Bergdorf - 1848 Village History

Copyright 1996, GRHS    

Notes:  Please see the Introduction to the Village History Project for additional information.  


1. In 1809, under the glorious reign of His Majesty the late Alexander, the colony of Bergdorf was founded and the construction of houses begun.

2. The colony of Bergdorf lies in a valley which begins about 2 versts to the north and continues westward another 25 versts till it reaches the vicinity of Grigoriopol. This valley has the name Kalossova from its first inhabitant, a certain Armenian Kalos who was farming here and raising livestock until the arrival of the colonists. The valley is called Karamanovka by the colonists of Neudorf, but the colonists of Glueckstal, 5 versts farther on, call it Trehonenko. The distance from Bergdorf to Tiraspol is45versts, and 260versts to Odessa. The colony has 3,925 dessiatines of land, which consists mostly of hill and dale, with a few level tracts. The uplands have fertile black humus, two feet deep; likewise the valleys, except for some sandy spots. On the whole, the soil is of good quality and all kinds of winter and summer wheat, as well as fruits and vegetables, thrive well, provided the weather is favorable.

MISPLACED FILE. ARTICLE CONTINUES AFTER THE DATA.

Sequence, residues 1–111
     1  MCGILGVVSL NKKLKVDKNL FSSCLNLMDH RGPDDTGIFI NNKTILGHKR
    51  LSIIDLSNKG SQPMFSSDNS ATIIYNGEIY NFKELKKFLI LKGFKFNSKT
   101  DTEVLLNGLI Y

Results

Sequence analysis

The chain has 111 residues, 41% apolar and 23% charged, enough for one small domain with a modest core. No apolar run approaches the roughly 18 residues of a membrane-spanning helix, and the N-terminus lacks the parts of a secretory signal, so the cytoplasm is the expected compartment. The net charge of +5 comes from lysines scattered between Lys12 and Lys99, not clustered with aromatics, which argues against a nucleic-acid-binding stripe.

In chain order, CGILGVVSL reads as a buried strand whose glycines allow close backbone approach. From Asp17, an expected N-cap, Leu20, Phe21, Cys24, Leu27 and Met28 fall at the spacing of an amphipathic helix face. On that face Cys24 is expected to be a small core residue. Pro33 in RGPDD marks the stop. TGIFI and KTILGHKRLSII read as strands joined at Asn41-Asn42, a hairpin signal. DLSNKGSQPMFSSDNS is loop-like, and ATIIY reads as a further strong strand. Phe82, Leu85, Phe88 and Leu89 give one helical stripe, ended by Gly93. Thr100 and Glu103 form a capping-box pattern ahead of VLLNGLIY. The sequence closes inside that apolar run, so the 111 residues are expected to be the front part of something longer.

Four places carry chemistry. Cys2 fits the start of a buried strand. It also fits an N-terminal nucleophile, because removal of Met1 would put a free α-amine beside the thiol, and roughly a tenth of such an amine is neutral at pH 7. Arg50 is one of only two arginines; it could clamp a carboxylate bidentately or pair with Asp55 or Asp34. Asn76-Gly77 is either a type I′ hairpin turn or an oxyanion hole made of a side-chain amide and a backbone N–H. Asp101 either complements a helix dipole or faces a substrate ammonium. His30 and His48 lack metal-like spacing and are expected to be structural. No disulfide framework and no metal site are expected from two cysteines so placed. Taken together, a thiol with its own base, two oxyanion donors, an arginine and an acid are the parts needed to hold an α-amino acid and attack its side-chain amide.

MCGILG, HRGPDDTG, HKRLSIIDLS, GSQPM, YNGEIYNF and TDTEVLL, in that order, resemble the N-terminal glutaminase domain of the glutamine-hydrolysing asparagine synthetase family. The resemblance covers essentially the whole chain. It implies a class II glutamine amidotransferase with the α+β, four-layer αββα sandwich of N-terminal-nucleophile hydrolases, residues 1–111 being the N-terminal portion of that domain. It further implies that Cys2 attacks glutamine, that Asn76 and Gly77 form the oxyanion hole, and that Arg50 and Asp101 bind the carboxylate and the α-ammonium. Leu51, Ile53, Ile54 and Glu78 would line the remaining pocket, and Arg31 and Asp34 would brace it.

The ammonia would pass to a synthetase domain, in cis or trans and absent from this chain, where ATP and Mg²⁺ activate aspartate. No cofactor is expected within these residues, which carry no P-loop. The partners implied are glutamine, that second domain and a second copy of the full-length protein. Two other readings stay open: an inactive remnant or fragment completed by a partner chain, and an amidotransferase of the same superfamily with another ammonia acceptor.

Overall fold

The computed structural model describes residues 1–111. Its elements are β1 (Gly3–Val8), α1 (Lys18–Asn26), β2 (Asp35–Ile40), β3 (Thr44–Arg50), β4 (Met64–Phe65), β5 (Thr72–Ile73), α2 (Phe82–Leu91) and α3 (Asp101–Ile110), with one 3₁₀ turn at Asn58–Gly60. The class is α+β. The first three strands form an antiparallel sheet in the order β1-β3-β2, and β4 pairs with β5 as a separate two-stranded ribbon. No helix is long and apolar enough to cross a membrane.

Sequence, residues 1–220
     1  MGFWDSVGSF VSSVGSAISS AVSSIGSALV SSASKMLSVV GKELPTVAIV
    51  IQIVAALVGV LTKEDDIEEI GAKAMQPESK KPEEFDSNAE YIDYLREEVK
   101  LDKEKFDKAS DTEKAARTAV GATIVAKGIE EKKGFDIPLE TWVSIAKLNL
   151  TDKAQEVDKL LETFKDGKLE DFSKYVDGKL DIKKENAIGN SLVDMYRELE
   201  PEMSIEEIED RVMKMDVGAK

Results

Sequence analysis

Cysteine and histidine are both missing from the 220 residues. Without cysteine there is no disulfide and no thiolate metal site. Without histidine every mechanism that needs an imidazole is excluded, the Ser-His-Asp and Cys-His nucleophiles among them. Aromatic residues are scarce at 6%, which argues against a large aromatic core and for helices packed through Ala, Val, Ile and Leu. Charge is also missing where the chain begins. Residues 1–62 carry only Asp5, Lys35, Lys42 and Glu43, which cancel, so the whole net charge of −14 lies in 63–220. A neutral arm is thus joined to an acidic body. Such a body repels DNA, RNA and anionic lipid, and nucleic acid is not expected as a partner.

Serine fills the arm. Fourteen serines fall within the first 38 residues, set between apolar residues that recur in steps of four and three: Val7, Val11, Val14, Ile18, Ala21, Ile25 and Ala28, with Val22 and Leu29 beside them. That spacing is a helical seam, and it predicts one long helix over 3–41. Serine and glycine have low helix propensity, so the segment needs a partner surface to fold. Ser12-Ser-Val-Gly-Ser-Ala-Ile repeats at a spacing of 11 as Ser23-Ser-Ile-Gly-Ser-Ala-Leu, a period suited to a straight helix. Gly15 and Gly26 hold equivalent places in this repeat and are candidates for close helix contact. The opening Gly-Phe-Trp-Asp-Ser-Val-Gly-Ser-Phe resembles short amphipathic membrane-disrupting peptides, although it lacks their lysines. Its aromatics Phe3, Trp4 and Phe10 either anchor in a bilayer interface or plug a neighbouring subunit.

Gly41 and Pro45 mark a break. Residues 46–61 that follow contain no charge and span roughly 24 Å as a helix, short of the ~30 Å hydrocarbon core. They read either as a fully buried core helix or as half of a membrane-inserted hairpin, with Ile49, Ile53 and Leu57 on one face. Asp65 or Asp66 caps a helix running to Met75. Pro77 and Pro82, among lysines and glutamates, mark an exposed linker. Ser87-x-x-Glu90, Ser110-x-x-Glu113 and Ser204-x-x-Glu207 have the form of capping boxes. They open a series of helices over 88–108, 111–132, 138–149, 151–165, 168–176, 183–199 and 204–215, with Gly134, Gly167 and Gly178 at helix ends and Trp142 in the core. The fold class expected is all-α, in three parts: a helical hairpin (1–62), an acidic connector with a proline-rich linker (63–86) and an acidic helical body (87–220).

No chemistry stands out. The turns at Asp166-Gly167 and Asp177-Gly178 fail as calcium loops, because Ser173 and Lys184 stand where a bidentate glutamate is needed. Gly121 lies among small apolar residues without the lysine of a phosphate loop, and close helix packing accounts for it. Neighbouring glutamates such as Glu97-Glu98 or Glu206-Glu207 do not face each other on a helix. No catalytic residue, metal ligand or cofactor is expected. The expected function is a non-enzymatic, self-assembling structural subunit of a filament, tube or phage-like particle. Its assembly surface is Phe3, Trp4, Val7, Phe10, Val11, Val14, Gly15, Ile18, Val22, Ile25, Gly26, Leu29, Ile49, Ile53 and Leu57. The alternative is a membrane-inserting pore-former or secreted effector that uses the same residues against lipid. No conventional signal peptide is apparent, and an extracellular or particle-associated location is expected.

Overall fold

The woods which existed when the colonists arrived have been developed and increased by surrounding them with protective enclosures. In various places there are 460 dessiatines of fine growth. The most important types are oak, blackthorn, whitethorn, alder, and to a lesser extent ash trees. There is also the "Farbe-Holz" which is used to furnish morocco leather dye. The common acacias and willows planted along the main street of the colony exhibit fine growth.

In suitable locations grapevines have been planted which, in 1848, numbered 241,880. In favorable years these furnish a rewarding harvest for the planters. Also orchards with various kinds of trees were planted in the early years, and no doubt also flourished. But the dry years have destroyed a large part of them. The present number of fruit trees is 25,193.